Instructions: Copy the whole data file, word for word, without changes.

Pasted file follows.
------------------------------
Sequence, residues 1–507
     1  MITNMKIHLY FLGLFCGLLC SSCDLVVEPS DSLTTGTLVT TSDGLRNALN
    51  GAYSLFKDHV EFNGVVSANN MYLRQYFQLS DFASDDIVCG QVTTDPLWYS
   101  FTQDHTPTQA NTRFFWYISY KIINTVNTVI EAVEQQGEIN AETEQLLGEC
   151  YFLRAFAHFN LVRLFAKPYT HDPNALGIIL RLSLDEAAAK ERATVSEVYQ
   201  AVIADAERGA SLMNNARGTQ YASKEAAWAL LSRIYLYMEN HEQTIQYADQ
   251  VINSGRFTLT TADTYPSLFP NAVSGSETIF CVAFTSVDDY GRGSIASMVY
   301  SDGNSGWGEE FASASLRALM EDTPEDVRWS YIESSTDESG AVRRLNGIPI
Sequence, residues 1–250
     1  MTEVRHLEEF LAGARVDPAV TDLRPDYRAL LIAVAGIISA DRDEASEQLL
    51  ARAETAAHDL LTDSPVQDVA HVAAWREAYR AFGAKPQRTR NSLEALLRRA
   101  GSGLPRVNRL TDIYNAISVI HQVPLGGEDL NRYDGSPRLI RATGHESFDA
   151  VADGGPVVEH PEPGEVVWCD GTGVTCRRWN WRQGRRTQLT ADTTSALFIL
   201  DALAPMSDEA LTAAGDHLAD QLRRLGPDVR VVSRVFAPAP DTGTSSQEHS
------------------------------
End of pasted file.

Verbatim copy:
Sequence, residues 1–507
     1  MITNMKIHLY FLGLFCGLLC SSCDLVVEPS DSLTTGTLVT TSDGLRNALN
    51  GAYSLFKDHV EFNGVVSANN MYLRQYFQLS DFASDDIVCG QVTTDPLWYS
   101  FTQDHTPTQA NTRFFWYISY KIINTVNTVI EAVEQQGEIN AETEQLLGEC
   151  YFLRAFAHFN LVRLFAKPYT HDPNALGIIL RLSLDEAAAK ERATVSEVYQ
   201  AVIADAERGA SLMNNARGTQ YASKEAAWAL LSRIYLYMEN HEQTIQYADQ
   251  VINSGRFTLT TADTYPSLFP NAVSGSETIF CVAFTSVDDY GRGSIASMVY
   301  SDGNSGWGEE FASASLRALM EDTPEDVRWS YIESSTDESG AVRRLNGIPI
Sequence, residues 1–250
     1  MTEVRHLEEF LAGARVDPAV TDLRPDYRAL LIAVAGIISA DRDEASEQLL
    51  ARAETAAHDL LTDSPVQDVA HVAAWREAYR AFGAKPQRTR NSLEALLRRA
   101  GSGLPRVNRL TDIYNAISVI HQVPLGGEDL NRYDGSPRLI RATGHESFDA
   151  VADGGPVVEH PEPGEVVWCD GTGVTCRRWN WRQGRRTQLT ADTTSALFIL
   201  DALAPMSDEA LTAAGDHLAD QLRRLGPDVR VVSRVFAPAP DTGTSSQEHS